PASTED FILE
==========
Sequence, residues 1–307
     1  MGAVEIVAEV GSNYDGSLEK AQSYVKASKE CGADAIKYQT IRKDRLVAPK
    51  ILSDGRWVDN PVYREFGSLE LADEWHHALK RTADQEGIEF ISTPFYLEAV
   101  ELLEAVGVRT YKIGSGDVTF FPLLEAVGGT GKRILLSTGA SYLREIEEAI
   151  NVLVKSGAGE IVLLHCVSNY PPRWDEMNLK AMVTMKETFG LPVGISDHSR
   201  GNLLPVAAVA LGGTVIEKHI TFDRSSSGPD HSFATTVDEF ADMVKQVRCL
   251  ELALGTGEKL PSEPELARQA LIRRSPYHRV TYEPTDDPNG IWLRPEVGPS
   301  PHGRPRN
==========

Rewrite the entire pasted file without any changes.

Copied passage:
Sequence, residues 1–307
     1  MGAVEIVAEV GSNYDGSLEK AQSYVKASKE CGADAIKYQT IRKDRLVAPK
    51  ILSDGRWVDN PVYREFGSLE LADEWHHALK RTADQEGIEF ISTPFYLEAV
   101  ELLEAVGVRT YKIGSGDVTF FPLLEAVGGT GKRILLSTGA SYLREIEEAI
   151  NVLVKSGAGE IVLLHCVSNY PPRWDEMNLK AMVTMKETFG LPVGISDHSR
   201  GNLLPVAAVA LGGTVIEKHI TFDRSSSGPD HSFATTVDEF ADMVKQVRCL
   251  ELALGTGEKL PSEPELARQA LIRRSPYHRV TYEPTDDPNG IWLRPEVGPS
   301  PHGRPRN